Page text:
This eulogy of the Superconducting Supercollider (SSC) that should have been built in the US— in TX —struck a chord with me. This is the biggest big data project that has been and it should have been here. How shortsighted we have been. The advancements being made at CERN are not just toward some ephemeral ‘God Particle‘, but also toward data science, operations engineering, “Big Data” stream processing and on and on and on.
We gathered all the nation’s elite
to design and build man’s greatest feat
“Come build it for us” Congress said
“America must be at the forefront, always ahead.”
So come we did, pursuing the dream
to build the machine that collides proton beams
“It’s pork-barrel, useless, garbage” they cried.
“Off with its head” the House puffed with pride.
Our families just stare, confused and upset,
The children all innocent, the spouses with regret
“Why did I come out here?” they wonder to themselves.
“I left the home I lived in since I was just twelve.
”Little was ventured, and little was gained
Except to fill the nation’s physicists with anger and pain.
How Texas Lost the World’s Largest Super Collider | Texas Monthly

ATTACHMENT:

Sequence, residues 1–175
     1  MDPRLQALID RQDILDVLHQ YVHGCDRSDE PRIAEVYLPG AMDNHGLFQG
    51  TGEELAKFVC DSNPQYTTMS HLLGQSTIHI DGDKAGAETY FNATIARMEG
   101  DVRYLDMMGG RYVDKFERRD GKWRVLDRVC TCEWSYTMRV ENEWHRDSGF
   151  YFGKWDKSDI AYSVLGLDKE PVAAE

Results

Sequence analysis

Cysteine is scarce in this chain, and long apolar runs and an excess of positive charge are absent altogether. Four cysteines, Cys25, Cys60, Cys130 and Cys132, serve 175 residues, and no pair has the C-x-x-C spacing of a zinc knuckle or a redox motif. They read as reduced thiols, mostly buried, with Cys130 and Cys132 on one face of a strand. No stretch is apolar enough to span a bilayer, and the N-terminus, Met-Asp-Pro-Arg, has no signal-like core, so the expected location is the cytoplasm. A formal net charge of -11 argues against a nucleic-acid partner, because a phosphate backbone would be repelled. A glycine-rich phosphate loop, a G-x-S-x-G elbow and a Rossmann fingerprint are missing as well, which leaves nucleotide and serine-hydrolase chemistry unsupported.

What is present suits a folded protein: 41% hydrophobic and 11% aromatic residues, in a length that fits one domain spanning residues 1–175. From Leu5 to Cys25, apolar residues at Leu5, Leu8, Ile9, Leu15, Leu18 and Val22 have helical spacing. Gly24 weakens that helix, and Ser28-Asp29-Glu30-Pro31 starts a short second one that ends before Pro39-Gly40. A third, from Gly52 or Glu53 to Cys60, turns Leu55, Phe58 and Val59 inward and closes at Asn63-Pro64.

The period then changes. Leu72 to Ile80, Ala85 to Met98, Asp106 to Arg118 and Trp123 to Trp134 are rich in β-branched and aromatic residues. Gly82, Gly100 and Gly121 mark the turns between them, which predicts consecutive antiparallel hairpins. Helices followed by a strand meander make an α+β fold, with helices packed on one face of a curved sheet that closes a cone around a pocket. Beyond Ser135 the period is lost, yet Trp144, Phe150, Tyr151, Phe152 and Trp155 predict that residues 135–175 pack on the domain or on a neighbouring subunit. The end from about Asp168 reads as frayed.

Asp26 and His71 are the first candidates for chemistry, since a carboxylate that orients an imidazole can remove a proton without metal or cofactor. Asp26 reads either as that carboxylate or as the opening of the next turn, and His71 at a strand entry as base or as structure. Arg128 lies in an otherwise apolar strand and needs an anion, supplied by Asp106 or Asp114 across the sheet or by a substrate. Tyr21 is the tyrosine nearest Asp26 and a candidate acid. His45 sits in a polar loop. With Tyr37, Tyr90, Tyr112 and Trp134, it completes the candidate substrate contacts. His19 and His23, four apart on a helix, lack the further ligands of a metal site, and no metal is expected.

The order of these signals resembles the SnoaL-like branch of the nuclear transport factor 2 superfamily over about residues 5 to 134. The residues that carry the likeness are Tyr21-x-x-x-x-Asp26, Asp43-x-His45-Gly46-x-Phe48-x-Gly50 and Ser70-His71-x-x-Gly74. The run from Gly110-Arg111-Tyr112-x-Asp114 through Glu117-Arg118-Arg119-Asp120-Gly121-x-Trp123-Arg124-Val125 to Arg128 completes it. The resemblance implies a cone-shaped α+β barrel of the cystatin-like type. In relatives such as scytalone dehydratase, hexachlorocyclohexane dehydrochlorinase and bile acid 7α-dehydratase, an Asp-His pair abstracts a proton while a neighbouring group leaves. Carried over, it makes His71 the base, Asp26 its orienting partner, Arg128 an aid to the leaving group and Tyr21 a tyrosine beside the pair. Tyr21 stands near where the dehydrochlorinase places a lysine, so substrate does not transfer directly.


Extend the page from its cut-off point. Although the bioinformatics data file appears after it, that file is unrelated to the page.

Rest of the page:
LHC Data to be Made Public Via Open Access Initiative1
The Compact Muon Solenoid Experiment2 (CMS) is one of the two general-purpose experiments that have been constructed to search for new physics; to detect a wide range of particles and phenomena produced by high-energy proton-proton and heavy-ion collisions. CMS has taken place at and inside of the Large Hadron Collider (LHC), part of CERN, the European Laboratory for Particle Physics (formerly the Organization for European Nuclear Research; the name CERN is derived from the acronym for the French Conseil Européen pour la Recherche Nucléaire).
Scientists at CMS are striving to answer the most fundamental and basic questions about the Universe; questions such as, “What is the Universe really made of and what forces act within it?” and “What gives everything substance?”.
LHC CMS data are exotic. They are complicated. They are big. At peak performance, about one billion proton collisions take place every second inside the CMS detector at the LHC. Around 64 petabytes of analyzable data has been collected from these collisions so far.
Kati Lassila-Perini, head of the CMS Data Preservation and Open Access project at the Helsinki Institute of Physics has said, “We must make sure that we preserve not only the data but also the information on how to use them.” As part of the effort to achieve this, the Open Access project intends to make available the CMS data that are no longer under active analysis. The first set of this data will be made available in the second half of 2014. It will comprise of a portion of the data collected by CMS in 2010.
Additional information about CMS, the Data Preservation and Open Access project, the LHC and CERN can be gotten through the following links: